I’ll Be Wearing Ribbons Down My Back This Summer…

It occurred to me yesterday that I was all wrong. For years, I have been saying (like many I know, similarly disaffected) that I live my life like I am from another century. That’s not true. I exist in a century that -doesn’t- exist, a made-up amalgam of customs and courtesies and costumes.

I prefer hand-written letters (16-19th), use powder of violets (18th), dress for work in pencil skirts and pumps like a secretary from the 50s (20th), listen to opera from the 19th century and symphonies from the 18th.

I avoid television, write stories longhand, wear ribbons in my hair and fret when people tease me about it. I study etchings and engravings, dream about writing a Paul Helleu catalog raisonne and a book about Austen’s life. At work, there’s a running joke that Anna goes home on Friday night and reads Shakespeare…which is occasionally true.

I am hopelessly sentimental, read poetry aloud, cry unabashedly at movies, wear my heart on my sleeve so any idiot passing by can poke a hole in it. It comes down to a longing for a time that never existed in the first place.

This fairytale of a prettier, gentler time…I blame it on too many Merchant-Ivory films, on too many Austen books, too many Wilde and Coward plays, too many musicals with happy endings…a diet of comedy of manners and soft-spoken romances.

I know very well that if I had been alive at that time (usually the 18th or the 19th century) and privileged, I would be a very different person. Yes, I could sit alone in the elegant splendour of my drawing room. I could spend my days writing letters and playing the piano, sewing (well, maybe not) and spending hours on my toilette to make myself as decorative as possible (in contrast with the days that I wad my hair in a bun).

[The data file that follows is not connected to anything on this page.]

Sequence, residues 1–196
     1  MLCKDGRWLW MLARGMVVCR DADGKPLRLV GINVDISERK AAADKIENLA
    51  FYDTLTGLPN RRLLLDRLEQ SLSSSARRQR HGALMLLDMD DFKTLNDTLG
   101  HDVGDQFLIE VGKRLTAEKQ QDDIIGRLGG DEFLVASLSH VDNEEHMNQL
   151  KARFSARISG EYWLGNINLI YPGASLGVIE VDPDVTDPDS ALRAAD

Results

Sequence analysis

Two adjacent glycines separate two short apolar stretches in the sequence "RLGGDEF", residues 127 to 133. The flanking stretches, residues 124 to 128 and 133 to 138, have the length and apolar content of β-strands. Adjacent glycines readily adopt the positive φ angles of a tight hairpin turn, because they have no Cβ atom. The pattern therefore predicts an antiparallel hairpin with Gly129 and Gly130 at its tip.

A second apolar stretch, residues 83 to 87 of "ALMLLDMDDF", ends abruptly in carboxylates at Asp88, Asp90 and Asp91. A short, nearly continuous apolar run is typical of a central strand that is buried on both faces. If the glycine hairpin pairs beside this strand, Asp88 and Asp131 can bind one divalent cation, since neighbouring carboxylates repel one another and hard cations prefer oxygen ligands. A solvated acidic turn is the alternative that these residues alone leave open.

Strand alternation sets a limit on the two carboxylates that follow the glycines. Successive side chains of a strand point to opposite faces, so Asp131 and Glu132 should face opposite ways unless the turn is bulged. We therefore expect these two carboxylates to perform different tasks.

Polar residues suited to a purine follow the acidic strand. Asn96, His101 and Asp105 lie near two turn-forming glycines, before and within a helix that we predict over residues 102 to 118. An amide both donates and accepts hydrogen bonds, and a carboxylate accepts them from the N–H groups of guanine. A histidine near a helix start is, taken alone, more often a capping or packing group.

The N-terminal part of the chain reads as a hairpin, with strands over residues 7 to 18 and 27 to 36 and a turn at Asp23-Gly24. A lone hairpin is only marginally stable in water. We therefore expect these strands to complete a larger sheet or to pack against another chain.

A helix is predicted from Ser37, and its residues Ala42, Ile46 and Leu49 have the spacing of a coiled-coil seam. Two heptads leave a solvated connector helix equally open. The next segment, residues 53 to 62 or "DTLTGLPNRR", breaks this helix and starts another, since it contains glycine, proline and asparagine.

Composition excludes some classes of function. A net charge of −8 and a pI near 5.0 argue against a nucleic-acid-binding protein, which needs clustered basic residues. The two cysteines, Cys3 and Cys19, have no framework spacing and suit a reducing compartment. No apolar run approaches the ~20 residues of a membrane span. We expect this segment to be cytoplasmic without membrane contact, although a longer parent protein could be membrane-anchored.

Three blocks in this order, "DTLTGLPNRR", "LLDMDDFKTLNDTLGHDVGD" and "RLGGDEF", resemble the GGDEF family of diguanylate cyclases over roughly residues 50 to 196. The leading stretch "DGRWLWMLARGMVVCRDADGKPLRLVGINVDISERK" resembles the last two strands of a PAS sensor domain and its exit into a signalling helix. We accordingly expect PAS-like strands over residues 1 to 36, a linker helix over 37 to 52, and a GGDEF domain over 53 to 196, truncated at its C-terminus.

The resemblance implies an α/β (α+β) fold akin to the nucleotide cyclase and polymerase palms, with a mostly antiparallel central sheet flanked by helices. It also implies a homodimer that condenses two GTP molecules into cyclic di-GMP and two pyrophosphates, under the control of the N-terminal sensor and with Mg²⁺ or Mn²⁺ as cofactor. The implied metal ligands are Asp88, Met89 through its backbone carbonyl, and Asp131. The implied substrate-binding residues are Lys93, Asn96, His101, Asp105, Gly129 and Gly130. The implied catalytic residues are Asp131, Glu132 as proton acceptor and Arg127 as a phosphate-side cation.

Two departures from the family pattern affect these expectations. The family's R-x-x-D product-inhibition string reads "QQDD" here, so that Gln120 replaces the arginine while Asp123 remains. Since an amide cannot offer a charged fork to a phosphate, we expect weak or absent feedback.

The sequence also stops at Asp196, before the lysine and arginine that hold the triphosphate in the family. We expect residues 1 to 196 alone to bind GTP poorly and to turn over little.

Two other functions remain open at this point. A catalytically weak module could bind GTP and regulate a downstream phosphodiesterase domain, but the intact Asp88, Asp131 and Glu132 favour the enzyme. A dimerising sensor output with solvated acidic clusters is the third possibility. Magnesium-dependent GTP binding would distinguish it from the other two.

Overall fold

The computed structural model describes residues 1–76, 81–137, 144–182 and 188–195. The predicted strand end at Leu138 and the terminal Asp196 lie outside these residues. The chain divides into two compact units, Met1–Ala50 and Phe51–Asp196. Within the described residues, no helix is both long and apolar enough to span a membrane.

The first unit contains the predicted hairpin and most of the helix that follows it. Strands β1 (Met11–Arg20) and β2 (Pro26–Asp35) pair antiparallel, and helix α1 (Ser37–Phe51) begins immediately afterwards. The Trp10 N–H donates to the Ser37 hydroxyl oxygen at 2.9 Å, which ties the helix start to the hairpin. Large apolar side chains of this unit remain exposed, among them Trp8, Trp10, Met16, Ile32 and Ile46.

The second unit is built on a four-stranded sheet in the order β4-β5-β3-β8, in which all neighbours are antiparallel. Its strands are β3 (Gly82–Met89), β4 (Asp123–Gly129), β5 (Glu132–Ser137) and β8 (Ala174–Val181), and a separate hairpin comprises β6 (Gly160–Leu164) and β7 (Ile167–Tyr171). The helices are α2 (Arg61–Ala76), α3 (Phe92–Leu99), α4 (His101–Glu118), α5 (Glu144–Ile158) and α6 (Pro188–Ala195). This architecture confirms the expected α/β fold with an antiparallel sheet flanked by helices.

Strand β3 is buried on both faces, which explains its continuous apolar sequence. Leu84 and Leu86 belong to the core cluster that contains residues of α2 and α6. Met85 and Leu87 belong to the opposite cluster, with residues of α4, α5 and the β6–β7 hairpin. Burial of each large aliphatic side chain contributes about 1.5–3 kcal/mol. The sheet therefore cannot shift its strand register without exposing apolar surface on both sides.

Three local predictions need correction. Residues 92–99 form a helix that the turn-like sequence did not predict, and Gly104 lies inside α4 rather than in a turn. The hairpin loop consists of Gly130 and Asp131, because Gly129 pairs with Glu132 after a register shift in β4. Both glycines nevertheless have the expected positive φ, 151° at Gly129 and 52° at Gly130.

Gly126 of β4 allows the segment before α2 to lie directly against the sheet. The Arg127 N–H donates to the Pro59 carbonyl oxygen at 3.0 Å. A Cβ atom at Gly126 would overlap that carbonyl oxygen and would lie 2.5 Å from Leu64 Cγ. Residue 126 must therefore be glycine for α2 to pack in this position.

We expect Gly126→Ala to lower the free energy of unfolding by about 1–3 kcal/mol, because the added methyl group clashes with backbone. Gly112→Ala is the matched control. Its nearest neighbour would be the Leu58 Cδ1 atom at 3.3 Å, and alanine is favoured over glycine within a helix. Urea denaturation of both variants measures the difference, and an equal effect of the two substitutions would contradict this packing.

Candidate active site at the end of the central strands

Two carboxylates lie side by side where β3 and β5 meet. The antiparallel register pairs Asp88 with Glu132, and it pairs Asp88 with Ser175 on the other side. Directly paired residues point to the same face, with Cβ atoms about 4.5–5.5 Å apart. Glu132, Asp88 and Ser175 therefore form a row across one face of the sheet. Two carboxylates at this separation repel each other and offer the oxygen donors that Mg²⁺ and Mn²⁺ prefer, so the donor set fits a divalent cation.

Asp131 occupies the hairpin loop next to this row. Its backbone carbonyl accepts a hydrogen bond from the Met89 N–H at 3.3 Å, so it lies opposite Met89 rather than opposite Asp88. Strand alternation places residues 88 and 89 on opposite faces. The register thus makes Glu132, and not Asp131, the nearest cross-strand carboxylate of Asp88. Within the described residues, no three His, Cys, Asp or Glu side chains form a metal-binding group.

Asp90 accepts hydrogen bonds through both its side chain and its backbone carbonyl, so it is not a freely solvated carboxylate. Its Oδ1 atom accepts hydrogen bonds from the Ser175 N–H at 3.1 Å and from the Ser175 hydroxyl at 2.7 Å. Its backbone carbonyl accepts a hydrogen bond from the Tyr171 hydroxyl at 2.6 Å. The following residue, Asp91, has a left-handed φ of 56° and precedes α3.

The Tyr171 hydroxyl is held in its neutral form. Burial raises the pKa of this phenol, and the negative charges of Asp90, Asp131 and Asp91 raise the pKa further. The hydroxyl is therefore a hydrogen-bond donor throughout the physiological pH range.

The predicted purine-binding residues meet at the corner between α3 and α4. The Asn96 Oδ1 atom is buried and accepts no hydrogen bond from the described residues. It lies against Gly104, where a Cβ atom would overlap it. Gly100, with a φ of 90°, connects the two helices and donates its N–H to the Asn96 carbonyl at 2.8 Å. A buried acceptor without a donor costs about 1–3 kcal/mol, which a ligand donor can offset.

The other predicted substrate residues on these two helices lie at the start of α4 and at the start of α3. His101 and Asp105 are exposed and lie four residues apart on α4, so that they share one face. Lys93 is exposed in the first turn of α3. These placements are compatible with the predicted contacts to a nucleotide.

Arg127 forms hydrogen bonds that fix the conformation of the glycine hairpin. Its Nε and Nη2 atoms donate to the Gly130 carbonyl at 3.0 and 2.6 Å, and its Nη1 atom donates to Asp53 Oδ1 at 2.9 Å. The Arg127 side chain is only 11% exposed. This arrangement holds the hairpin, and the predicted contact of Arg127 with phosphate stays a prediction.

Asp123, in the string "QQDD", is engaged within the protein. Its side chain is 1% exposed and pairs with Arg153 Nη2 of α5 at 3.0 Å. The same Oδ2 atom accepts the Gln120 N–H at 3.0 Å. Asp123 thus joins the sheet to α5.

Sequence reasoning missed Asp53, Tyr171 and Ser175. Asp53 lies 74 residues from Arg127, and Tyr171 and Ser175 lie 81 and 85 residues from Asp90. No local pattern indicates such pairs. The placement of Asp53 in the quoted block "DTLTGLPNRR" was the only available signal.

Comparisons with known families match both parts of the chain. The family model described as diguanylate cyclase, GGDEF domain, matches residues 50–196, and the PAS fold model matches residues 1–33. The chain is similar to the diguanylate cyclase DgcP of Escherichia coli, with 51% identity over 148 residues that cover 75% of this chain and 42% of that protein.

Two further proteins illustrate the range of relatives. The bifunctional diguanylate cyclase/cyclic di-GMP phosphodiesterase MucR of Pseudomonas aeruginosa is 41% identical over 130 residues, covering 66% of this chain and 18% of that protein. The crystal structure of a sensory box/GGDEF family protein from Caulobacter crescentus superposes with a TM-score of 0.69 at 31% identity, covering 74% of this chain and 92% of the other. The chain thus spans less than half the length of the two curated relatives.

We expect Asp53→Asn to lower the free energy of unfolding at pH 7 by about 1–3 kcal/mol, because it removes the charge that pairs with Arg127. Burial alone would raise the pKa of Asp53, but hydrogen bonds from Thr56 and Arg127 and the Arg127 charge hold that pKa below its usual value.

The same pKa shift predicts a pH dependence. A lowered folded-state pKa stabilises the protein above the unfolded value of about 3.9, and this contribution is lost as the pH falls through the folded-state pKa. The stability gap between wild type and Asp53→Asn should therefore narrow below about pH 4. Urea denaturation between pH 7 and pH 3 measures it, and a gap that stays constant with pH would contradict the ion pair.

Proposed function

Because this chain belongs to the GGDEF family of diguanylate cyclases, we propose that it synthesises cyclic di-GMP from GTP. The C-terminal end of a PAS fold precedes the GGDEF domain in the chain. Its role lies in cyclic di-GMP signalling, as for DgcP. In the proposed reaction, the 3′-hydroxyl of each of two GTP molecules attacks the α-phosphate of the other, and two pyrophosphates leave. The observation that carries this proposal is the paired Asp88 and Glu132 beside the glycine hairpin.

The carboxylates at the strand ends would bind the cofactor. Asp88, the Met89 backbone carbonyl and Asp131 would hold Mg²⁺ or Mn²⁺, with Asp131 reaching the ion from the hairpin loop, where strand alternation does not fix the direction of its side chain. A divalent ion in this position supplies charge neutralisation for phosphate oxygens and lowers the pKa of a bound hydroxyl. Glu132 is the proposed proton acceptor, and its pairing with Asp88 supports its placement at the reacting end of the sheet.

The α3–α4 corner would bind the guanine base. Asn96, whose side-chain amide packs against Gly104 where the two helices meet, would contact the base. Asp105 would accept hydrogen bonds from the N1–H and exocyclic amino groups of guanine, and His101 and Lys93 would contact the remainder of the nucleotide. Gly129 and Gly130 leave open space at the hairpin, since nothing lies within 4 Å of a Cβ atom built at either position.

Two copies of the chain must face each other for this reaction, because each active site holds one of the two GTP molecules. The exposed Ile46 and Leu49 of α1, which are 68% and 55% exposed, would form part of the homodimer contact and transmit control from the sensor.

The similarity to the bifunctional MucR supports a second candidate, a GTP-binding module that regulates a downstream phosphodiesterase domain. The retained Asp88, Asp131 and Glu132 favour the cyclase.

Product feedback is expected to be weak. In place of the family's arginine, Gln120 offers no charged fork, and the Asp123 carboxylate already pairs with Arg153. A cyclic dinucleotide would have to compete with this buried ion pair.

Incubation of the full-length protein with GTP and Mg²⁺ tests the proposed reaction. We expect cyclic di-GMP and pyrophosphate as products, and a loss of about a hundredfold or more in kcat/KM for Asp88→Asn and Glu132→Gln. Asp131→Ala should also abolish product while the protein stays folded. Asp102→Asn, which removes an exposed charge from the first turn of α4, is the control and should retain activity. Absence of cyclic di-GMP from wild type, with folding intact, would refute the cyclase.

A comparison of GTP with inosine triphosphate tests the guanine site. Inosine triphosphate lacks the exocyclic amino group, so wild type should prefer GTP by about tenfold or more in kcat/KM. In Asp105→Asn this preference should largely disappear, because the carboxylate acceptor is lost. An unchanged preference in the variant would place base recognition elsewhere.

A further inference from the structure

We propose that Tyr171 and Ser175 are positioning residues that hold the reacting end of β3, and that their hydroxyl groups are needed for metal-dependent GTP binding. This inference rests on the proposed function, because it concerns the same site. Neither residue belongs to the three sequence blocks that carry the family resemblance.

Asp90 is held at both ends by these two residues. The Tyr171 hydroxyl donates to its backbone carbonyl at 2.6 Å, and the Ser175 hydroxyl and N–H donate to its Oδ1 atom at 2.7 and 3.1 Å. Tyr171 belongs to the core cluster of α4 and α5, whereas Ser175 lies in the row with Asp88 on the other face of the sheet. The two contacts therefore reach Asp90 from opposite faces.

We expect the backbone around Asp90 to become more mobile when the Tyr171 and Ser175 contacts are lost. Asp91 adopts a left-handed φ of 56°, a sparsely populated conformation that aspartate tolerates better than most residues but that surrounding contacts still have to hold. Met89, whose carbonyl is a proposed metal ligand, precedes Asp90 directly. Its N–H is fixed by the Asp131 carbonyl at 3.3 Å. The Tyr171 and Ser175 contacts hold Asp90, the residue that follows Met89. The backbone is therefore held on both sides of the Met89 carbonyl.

I could also not vote, not own property, not even necessarily own myself in the sense that I could marry as I please. The corset of my life would tighten around me until I could not even breathe, as the choices dwindled to nothing. The constraint of manners and societal expectations can be a smothering one.

Not that the exact opposite is necessarily desirable. I occasionally refer to ‘basic human courtesy’, which may be a contradiction in itself. Humanity always has its dull, cruel, ugly and disenchanting aspects. Manners are the armor in which each century cloaks itself and our century has shown up like the Emperor without clothes.

The noise, the brutal noise, of everyday life has been hammering at me lately. The jackhammer working on the bridge, the piercing voice of the passing trolley guide, the obnoxious roarings of a cavalcade of motorcycles, the sawing and the shouting. After the leaf blowers and the stentorian church bells and the car alarms, I just want to go in my room and plug my ears with my fingers.

Since I cannot hide, I just have to accept. For now.

I may at some point have to go off where real life cannot find me. You may stumble upon me some day there, tucked in a little cottage in some wild countryside, living out my life in the century that -I- want to be in…with ribbons in my hair.

[Repost – ed.]

I know a place where summer strives…

I KNOW a place where summer strives
With such a practised frost,
She each year leads her daisies back,
Recording briefly, “Lost.”
  
But when the south wind stirs the pools         5
And struggles in the lanes,
Her heart misgives her for her vow,
And she pours soft refrains
  
Into the lap of adamant,
And spices, and the dew,         10
That stiffens quietly to quartz,
Upon her amber shoe.
– Emily Dickinson, 1924